Wednesday, February 1, 2012

Are Over Half of All Southerners Racists?

Are over half of White Southerners racists or bigots? Time magazine attempted to make this assentation in an article they wrote last year marking the 150th anniversary of the Civil War: “150 Years After Fort Sumter: Why We’re Still Fighting the Civil War” by David Von Drehle. Von Drehle’s hypothesis is that people are dismissing slavery as the leading cause of the Civil War because of an April 2011 poll: “Harris Interactive polled more than 2,500 adults across the country, asking what the North and South were fighting about. A majority, including two-thirds of white respondents in the 11 states that formed the Confederacy, answered that the South was mainly motivated by "states' rights" rather than the future of slavery.”

I for one was never taught any the fallacies pointed out in Von Drehle’s analysis of the Civil War (although I was educated in Northern schools). It seems Von Drehle’s objective, as with many liberal historians and writers, is to dream up racial story lines (After all, this type of divisive story sells magazines, but, unfortunately I think Von Drehle believes the righteous drivel and conspiracy theories he spews). It has been 150 years since the Civil War ended and we still need to insinuate that White Southerners are still racists and bigots – that is truly sad, particularly since none of them were alive 150 years ago.

Today, when people say that the Civil War was about states’ rights they are correct. The most important outcome of the Civil War was the ratification of the 13th, 14th, and 15th amendments to our Constitution, in particular, Article I of the 14th amendment. And it is important to note that while the 13th, 14th, and 15th amendments were ratified to protect African-Americans (former slaves), there is nothing in these amendments specifically referring to blacks, Negroes, African-Americans, or slaves. The amendments were written in generic terms such to be inclusive of all Americans, not just one race or ethnicity. Maybe the Northern politicians and bureaucrats who wrote the 13th, 14th, and 15th amendments were also racists? After all, they did not refer specifically to slavery as being the main cause of the Civil War (as Von Drehle’s hypothesis would suggest).

The interpretation of the 14th amendment has expanded over the years. Meanwhile, the importance 10th amendment, which states “The powers not delegated to the United States by the Constitution, nor prohibited by it to the states, are reserved to the states respectively, or to the people”, has diminished. Article I of the 14th amendment states: “All persons born or naturalized in the United States, and subject to the jurisdiction thereof, are citizens of the United States and of the State wherein they reside. No State shall make or enforce any law which shall abridge the privileges or immunities of citizens of the United States; nor shall any State deprive any person of life, liberty, or property, without due process of law; nor deny to any person within its jurisdiction the equal protection of the laws.” Today, people understand that the 14th amendment, in particular the due process clause (second sentence) of Article I, has made the 10th amendment moot or inconsequential. For this reason, States’ rights were forever changed by the Civil War. For instance, the Supreme Court ruled in favor of Miranda and Roe based on the due process clause in Article I of the 14th amendment. Hence, the outcome of these decisions, and dozens like them, has changed hundreds of state laws. This is evidence that the Constitution’s 10th amendment, protecting states’ rights, is null and void – a critical outcome of the Civil War.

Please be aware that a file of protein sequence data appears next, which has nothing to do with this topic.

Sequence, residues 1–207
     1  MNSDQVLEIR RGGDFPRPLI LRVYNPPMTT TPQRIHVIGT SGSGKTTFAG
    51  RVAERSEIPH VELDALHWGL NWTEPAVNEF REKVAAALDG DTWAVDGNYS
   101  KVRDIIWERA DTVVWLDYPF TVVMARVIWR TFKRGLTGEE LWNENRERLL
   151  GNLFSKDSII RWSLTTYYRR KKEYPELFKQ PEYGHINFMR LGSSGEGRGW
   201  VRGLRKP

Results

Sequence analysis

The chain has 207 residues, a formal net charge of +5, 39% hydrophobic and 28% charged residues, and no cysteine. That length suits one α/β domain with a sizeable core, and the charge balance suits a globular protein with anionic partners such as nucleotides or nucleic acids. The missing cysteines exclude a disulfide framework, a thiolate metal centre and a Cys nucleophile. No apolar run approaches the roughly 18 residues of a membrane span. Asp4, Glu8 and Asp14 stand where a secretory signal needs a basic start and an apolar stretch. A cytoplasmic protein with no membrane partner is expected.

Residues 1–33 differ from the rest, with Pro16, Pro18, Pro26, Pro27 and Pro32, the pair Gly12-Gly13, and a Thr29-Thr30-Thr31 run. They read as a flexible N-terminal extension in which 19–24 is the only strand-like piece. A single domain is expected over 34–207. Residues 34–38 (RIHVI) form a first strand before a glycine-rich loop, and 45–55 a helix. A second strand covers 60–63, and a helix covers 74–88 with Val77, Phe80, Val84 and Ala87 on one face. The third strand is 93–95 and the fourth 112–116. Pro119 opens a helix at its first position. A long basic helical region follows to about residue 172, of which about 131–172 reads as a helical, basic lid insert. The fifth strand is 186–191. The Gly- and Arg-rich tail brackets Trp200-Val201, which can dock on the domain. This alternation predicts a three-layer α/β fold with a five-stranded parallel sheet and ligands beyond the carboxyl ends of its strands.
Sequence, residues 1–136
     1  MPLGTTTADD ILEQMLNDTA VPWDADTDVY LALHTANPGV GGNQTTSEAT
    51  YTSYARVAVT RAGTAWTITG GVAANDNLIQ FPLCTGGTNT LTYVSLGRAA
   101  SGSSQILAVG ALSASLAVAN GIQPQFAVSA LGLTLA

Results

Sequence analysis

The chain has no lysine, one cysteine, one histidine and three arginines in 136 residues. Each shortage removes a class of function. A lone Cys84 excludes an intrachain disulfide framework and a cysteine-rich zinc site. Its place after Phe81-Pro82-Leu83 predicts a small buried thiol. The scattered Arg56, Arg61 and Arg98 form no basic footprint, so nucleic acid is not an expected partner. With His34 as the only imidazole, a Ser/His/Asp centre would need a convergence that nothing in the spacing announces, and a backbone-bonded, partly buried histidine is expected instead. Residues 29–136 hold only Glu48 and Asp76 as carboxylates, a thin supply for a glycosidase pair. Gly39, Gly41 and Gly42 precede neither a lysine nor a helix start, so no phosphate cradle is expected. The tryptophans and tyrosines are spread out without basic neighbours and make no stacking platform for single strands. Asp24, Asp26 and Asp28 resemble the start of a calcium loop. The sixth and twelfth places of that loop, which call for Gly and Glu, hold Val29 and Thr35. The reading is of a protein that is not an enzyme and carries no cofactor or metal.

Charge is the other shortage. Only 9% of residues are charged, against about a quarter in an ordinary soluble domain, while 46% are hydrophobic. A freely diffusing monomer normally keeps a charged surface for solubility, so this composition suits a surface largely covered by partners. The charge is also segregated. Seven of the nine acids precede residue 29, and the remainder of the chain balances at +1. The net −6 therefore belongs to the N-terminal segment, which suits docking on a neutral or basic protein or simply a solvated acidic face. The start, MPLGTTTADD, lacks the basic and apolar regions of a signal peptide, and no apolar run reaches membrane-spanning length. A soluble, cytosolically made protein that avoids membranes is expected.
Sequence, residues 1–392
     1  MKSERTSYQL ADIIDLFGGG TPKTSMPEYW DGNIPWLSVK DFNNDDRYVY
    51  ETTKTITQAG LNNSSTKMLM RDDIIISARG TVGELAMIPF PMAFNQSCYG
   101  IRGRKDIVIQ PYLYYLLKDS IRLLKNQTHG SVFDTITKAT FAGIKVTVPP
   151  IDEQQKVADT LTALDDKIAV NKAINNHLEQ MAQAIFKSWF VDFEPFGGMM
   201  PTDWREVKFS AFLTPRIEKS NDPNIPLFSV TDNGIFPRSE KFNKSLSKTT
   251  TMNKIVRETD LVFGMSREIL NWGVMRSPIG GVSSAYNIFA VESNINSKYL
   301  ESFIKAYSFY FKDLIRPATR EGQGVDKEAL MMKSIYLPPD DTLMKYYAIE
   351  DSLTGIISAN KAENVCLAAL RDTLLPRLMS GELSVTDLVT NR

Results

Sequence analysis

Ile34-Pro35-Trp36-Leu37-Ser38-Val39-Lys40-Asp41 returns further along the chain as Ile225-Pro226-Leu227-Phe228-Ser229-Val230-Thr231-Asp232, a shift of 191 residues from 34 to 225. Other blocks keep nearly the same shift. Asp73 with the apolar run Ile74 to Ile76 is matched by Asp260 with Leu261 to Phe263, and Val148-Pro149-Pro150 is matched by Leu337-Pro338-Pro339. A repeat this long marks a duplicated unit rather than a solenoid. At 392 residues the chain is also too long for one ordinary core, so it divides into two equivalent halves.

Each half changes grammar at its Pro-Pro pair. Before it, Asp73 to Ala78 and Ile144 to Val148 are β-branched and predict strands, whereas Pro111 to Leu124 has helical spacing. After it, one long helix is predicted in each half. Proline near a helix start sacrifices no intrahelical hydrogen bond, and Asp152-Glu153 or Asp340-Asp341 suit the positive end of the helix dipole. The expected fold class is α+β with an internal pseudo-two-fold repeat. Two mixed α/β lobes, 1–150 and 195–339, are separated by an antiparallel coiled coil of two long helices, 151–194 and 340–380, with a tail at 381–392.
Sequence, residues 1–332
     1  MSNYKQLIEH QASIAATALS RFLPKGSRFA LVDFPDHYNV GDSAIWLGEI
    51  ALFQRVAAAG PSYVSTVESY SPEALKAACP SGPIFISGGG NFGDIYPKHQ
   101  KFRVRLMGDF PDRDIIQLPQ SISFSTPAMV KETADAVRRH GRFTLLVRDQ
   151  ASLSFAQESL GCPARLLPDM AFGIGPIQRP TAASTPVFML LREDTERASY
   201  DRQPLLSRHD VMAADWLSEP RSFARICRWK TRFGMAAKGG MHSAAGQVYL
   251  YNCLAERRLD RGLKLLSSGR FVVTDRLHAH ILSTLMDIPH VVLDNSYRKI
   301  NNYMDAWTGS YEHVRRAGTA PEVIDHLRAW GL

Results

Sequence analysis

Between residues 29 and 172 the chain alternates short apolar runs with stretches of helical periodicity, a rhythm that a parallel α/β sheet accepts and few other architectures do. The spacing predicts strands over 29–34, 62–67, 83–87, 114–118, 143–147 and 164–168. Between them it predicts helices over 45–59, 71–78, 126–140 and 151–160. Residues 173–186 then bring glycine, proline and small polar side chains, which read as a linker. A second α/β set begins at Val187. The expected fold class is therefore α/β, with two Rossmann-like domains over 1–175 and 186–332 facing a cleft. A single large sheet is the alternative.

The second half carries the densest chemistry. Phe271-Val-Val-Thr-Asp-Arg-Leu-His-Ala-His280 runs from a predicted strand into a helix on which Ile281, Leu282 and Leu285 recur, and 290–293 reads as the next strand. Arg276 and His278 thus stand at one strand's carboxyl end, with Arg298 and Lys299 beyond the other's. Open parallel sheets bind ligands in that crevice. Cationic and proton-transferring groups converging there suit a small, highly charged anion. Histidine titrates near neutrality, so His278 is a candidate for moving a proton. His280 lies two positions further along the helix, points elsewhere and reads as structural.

Also, Supreme Court citizenship rulings were upheld for Hispanics and other races based on the 14th amendment. If we believe Von Drehle’s premise that the 14th amendment was just about slavery, than we can start departing all those children born in the United States from illegal aliens. But the naturalization clause from Article I of the 14th amendment (first sentence) is inclusive of all ethnicities and races, not just African-Americans or former slaves.

Respondents to a Harris Interactive poll suggesting the Civil War was about states’ rights are not bigots (as Von Drehle suggests), but people who understand the modern implications of the Civil War’s most important documents – the ratification of the 13th, 14th, and 15th amendments, which were written to protect all Americans, not just former slaves. Von Drehle’s hypothesis is not only misguided and divisive because he obviously fails to understand history and our most important document (the Constitution if he needs to be reminded), but his theory refutes his liberal views on abortion and citizenship to name a few.

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